Since making his senior Hoffenheim debut in 2015, Nadiem Amiri‘s rapidly gone about making a name for himself as one of the hottest prospects in Europe, leading to rumours of a move to Tottenham Hotspur.
However, his journey so far isn’t as straightforward as his extraordinary talent might suggest it should have been.
Born in Ludwigshafen, Germany, it wasn’t always obvious that the man with Afghan heritage would become a professional footballer, for as a boy, he actually preferred Karate.
“I was six years old, and my brother already played at Ludwigshafener SC,” he told Radio Regenbogen.
“I did not want to start with football, because I was actually rather the karate type. But then the coach of my brother told my mother that she should bring me to training sometimes. So I still kept doing karate training and then started with football.”
Before joining Hoffenheim, on top of playing for Ludwigshafener SC and Waldhof Mannheim, he also sandwiched his time with those two outfits with a stint with the well-renowned 1. FC Kaiserslautern. Indeed, FCK’s eventual decision to release him certainly looks like a horrible error in judgment now, but their loss has emphatically worked out to be Hoffenheim’s gain.
“I was dropped from Kaiserslautern. The manager didn’t want me in his plans. It was hard for me. All together I played for Kaiserslautern for five years. That said, now its motivation for me to show them what I can do,” insisted Amiri.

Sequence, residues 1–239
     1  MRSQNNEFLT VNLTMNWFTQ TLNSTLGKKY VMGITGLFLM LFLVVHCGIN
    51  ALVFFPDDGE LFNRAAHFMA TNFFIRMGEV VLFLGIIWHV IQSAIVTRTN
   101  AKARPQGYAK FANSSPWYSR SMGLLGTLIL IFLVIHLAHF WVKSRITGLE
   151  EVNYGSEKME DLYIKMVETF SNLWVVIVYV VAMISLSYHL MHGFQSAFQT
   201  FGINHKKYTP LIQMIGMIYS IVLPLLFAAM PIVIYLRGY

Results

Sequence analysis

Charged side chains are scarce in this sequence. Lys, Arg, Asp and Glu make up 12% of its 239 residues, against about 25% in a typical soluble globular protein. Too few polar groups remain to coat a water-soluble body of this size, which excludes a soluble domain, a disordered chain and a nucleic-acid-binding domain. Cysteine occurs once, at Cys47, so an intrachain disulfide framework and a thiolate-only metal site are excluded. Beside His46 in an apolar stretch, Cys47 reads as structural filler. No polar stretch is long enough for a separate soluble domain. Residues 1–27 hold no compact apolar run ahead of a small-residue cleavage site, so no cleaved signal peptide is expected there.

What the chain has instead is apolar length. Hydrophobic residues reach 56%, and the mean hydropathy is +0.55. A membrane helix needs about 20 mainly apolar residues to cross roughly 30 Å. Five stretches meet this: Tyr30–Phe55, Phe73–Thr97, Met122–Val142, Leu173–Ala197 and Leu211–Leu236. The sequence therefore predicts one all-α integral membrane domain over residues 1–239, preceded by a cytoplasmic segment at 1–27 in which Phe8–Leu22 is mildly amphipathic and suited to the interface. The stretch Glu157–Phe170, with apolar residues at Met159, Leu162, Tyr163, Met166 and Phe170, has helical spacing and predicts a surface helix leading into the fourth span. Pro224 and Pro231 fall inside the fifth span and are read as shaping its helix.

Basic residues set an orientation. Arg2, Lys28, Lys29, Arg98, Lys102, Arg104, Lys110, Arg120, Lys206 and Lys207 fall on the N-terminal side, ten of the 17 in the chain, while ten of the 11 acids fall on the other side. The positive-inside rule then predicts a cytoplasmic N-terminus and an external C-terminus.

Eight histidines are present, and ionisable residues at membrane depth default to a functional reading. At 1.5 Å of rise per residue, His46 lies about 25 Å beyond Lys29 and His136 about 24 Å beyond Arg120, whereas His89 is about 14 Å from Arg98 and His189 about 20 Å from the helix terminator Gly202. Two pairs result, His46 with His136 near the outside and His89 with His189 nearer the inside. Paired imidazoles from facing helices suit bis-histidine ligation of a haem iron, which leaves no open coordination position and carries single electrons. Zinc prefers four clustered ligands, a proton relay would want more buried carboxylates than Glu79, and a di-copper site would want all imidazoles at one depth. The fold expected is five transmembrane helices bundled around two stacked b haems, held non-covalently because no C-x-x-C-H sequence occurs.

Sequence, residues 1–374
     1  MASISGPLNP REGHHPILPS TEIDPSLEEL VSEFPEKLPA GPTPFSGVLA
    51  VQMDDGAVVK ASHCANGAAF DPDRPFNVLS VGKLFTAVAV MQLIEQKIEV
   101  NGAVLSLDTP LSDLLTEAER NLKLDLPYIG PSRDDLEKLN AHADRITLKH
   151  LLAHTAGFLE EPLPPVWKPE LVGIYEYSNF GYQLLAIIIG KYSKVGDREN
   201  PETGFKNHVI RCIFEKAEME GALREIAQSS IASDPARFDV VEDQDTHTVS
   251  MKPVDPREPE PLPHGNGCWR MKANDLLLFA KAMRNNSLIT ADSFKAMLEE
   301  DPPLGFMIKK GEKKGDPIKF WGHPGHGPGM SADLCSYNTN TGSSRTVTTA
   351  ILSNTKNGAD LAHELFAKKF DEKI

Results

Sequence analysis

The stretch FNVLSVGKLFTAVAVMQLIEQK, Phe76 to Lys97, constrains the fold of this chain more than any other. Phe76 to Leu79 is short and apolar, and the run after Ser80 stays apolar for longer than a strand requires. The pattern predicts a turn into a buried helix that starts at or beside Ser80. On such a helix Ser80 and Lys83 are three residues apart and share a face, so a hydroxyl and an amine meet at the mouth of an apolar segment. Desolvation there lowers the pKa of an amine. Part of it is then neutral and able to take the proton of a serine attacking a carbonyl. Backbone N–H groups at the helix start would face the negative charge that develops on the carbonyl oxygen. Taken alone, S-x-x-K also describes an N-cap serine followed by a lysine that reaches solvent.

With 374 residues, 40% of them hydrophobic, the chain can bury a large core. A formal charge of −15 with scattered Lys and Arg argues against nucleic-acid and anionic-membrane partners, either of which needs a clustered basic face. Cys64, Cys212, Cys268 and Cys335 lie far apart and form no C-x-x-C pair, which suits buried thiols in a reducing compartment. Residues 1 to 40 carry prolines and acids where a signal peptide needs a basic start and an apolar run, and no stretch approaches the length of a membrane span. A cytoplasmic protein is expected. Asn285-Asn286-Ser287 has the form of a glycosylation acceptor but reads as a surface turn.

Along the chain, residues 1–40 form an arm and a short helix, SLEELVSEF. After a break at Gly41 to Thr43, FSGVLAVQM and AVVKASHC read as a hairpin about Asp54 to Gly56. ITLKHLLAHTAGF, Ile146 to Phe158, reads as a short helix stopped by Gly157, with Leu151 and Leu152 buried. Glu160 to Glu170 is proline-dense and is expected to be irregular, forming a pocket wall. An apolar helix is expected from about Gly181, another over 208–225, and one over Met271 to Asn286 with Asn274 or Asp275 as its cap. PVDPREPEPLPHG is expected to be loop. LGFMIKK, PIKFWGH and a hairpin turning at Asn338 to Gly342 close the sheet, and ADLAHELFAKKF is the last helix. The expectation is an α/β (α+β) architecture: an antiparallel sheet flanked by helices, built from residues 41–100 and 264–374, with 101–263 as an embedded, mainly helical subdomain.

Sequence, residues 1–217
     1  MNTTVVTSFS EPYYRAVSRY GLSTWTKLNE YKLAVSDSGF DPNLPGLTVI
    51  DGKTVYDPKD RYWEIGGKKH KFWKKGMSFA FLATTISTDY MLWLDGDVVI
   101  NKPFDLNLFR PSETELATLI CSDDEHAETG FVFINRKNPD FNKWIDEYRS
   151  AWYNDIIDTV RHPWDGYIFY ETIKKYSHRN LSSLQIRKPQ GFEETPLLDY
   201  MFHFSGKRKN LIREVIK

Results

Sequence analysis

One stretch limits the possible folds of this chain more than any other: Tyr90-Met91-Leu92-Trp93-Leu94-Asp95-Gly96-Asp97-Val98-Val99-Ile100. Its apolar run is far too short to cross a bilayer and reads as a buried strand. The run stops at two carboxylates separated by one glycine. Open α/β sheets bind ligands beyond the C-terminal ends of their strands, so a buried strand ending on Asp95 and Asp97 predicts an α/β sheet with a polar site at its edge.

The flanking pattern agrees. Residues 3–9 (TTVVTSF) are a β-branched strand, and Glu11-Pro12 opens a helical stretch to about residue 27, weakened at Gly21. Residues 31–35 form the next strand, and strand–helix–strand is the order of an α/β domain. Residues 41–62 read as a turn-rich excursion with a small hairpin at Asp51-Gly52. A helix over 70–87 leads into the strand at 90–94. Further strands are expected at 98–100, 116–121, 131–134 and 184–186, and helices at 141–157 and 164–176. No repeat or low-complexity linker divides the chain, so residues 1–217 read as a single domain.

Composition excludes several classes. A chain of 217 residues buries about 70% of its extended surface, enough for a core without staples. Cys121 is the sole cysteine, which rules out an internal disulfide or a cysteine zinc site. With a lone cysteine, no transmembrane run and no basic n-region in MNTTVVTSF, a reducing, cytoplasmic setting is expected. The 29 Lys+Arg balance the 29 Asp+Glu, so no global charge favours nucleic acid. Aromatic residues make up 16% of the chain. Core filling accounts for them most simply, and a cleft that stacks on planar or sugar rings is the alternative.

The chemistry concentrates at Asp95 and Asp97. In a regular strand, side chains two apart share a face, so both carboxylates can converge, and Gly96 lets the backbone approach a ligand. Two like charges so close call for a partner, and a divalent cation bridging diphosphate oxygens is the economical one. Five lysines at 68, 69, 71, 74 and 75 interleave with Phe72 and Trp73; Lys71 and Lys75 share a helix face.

Joining Hoffenheim as a 15-year-old in 2012, Amiri’s immense desire and ambition to make it to the Die Kraichgauer first team gave him the perfect platform he needed to turn his dreams into reality.
Upon reaching the club’s Youth A side, it was there that the sensation really began to rise to prominence. Under young managerial sensation Julian Nagelsmann, who’s now doing an exceptional job managing the senior team, it didn’t take long for Amiri to demonstrate his exceptional ability.
Despite having to bide his time in the beginning with Nagelsmann’s Under-19s, Amiri’s persistence and hard work eventually paid off, as he quickly becoming an indispensable member of the side.
“With the Under-19s I sat on the bench for most of the first half of the season. We had a very strong team and the results were always good,” he mused while speaking to the DFB website.
“He [Nagelsmann] told me back then that I needed to be patient and that my time would come. He was right. In the second half of the season I was almost always in the team.”
Going from strength to strength working in tandem with the managerial hotshot, the tricky attacker continue to improve steadily and was an integral component of the team that won the national Under-19 title in 2013/2014 and finished runner-up the following season.
With Amiri making waves at the Sinsheim outfit, a first-team call up was the next logical step for him, and Markus Gisdol duly handed him his debut against Wolfsburg on February 7 2015.
It is a moment the German youth international recalls clearly. “When I found out that I was going to start, just an hour before the match, I couldn’t believe it,” he explained.
“But when you get on the pitch you forget all that and just want to give everything.”
Amiri then pushed on wonderfully, impressing whenever afforded an opportunity, as the starlet caught the eye with his blistering speed, treacherous, slightly unorthodox dribbling style and overall dynamism going forward.
He finished the 2014/2015 season with seven appearances, which gave him a terrific insight into what’s needed to be successful at the highest level. Amiri candidly admitted back then that the physical aspect of the Bundesliga was something he found very challenging to cope with, proclaiming: “At first I didn’t find it too difficult, but after two or three months I began to struggle physically. My body needed to get used to the extra workload.”